JSW Steel seeks immunity from SC to buy - and sell - bankrupt Bhushan Power

JSW Steel seeks immunity from SC to buy - and sell - bankrupt Bhushan Power

JSW Steel is keen to de-risk its acquisition of Bhushan Power and Steel as it has an expansion plan on cards, and is also facing unprecedented challenges in the steel market

JSW Steel had agreed to acquire BPSL for Rs 19,700 crore JSW Steel had agreed to acquire BPSL for Rs 19,700 crore

If the Supreme Court allows immunity from prosecution for the assets of Bhushan Power and Steel (BPSL), the lead bidder JSW Steel may rope in strategic investor, divesting 49 per cent stake in the bankrupt firm, to complete the deal despite the volatility in the market. JSW Steel had agreed to acquire BPSL for Rs 19,700 crore in the bankruptcy proceedings.

Though JSW Steel had been adjudged as the winner for the BPSL assets in September 2019, the company failed to conclude the deal after Enforcement Directorate intervened. The central probe agency wanted to attach the assets as part of the pending corruption charges against erstwhile promoters, the Singal family. JSW will proceed with the acquisition if the Supreme Court grants protection for the BPSL assets under the Insolvency and Bankruptcy Code (IBC), the management stated earlier.

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Bringing in strategic investors will reduce the liability of JSW Steel, especially when the market is choppy due to the coronavirus pandemic. According to a research report by Motilal Oswal, the acquisition will increase the debt of JSW Steel by Rs 3,000 crore. JSW Steel is expected to raise 70 per cent of the acquisition value as debt on the books of BPSL. Half of the Rs 6,000 crore equity will be contributed by JSW Steel, which in turn will hold 51 per cent stake. JSW Steel has already tied up with the banks for raising the debt in to a Special Purpose Vehicle (SPV).

The steelmaker is keen to de-risk the acquisition as it has an expansion plan on cards. The company is also facing unprecedented challenges in the steel market. JSW Steel saw its net profit for financial year 2019-20 almost halved on account of coronavirus pandemic and subsequent lockdown. The Sajjan Jindal-led steelmaker saw its consolidated net profit decline by 48 per cent to Rs 3,919 crore.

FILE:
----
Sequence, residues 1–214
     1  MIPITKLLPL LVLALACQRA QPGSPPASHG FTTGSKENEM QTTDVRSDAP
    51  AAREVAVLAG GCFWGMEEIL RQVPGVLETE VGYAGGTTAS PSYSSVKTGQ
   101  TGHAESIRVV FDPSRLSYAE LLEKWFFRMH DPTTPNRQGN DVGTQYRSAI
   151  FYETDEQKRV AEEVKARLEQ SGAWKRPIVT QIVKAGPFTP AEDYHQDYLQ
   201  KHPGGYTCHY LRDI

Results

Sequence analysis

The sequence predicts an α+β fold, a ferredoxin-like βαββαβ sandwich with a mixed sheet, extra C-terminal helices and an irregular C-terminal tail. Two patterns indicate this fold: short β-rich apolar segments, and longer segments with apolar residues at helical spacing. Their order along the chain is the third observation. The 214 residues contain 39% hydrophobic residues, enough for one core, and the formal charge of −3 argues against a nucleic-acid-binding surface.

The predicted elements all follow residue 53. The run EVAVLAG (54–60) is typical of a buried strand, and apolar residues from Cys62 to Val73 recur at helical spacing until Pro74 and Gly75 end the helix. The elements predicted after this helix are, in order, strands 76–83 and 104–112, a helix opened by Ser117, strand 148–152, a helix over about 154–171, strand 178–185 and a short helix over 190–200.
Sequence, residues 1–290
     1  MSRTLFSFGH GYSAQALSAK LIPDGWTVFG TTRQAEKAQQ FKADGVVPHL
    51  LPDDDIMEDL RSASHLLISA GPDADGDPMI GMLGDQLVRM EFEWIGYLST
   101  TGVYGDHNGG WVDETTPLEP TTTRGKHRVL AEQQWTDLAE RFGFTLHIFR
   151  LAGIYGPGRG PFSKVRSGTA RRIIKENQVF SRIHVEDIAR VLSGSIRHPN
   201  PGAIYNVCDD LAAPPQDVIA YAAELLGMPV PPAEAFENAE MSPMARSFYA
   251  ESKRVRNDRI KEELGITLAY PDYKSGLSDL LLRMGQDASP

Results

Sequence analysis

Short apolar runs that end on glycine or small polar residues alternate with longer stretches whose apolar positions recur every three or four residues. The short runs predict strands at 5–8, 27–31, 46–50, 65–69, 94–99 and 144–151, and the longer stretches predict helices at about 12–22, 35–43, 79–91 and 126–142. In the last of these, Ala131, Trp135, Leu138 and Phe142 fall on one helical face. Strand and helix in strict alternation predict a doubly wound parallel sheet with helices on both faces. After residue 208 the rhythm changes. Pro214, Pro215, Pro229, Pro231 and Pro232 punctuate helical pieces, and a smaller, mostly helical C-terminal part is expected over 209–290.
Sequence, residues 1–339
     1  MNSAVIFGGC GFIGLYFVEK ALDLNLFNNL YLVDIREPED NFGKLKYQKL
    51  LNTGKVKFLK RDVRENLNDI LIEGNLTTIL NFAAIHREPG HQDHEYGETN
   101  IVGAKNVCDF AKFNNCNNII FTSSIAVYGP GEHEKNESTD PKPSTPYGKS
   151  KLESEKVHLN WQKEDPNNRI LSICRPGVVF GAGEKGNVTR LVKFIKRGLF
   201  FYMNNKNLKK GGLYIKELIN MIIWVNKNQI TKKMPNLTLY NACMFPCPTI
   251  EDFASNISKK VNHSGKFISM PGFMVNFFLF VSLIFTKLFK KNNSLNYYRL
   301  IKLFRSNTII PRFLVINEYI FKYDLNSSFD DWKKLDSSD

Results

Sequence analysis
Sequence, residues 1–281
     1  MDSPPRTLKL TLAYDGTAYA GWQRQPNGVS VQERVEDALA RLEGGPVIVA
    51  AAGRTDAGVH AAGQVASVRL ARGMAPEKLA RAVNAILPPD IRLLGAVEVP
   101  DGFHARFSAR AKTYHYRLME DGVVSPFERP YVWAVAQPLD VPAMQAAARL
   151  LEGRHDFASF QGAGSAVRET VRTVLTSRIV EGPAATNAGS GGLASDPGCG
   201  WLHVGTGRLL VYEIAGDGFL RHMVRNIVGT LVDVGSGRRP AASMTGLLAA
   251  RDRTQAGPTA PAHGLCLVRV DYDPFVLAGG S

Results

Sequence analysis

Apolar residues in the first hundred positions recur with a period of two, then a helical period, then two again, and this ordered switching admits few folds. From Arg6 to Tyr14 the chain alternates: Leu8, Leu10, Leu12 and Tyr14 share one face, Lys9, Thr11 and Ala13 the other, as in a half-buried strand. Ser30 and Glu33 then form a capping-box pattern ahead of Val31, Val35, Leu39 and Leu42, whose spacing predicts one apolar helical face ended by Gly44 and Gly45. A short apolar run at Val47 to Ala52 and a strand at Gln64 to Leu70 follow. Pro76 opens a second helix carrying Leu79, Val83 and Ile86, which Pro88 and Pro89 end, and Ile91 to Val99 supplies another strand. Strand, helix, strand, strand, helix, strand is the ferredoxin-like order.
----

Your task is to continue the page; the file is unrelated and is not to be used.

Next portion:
JSW Steel's acquisition of BPSL also faced another hurdle after Sanjay Singal, former chairman of the bankrupt firm, challenged the deal in the Supreme Court. JSW Steel's deal to acquire BPSL ran into rough weather earlier as the Enforcement Directorate (ED) seized the bankrupt firm's assets in connection with a money laundering probe against Singal. The major relief came for Jindal after the government in December 2019 amended the Insolvency and Bankruptcy Code (IBC), including protection of buyers from criminal proceedings against previous promoters of the bankrupt firm. It introduced Section 32A to the IBC, providing immunity to the new management.

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The National Company Law Appellate Tribunal (NCLAT) had permitted JSW Steel to acquire the bankrupt firm on February 17 and granted it immunity from prosecution by the ED. JSW Steel's production capacity will increase to 21.5 million tonnes (MT) from 18 MT post the Rs 19,700 crore acquisition. The deal follows JSW-AION's buy of insolvent Monnet Ispat for Rs 3,700 crore. Monnet is run as a separate company, in which AION is the major promoter shareholder.

JSW Steel plans to ramp up exports to 30 per cent of sales in this financial year, compared to 21 per cent in FY20 and 16 per cent in FY19 to compensate for weak demand in the domestic market. The company has cut the capital expenditure by Rs 6,000 crore for conserving cash. It scaled down the capex target for FY21 to Rs 9,000 crore - Rs 8,200 crore for expansion and Rs 800 crore for the mining - from the earlier guidance of Rs 15,000 crore. The company's net debt increased to Rs 53,500 crore from Rs 46,000 crore in the last financial year. The company has to repay a debt of Rs 13,900 crore in this financial year. Since the company has cash and cash equivalents of Rs 12,000 crore on books, the analysts see the repayments as a lesser burden.

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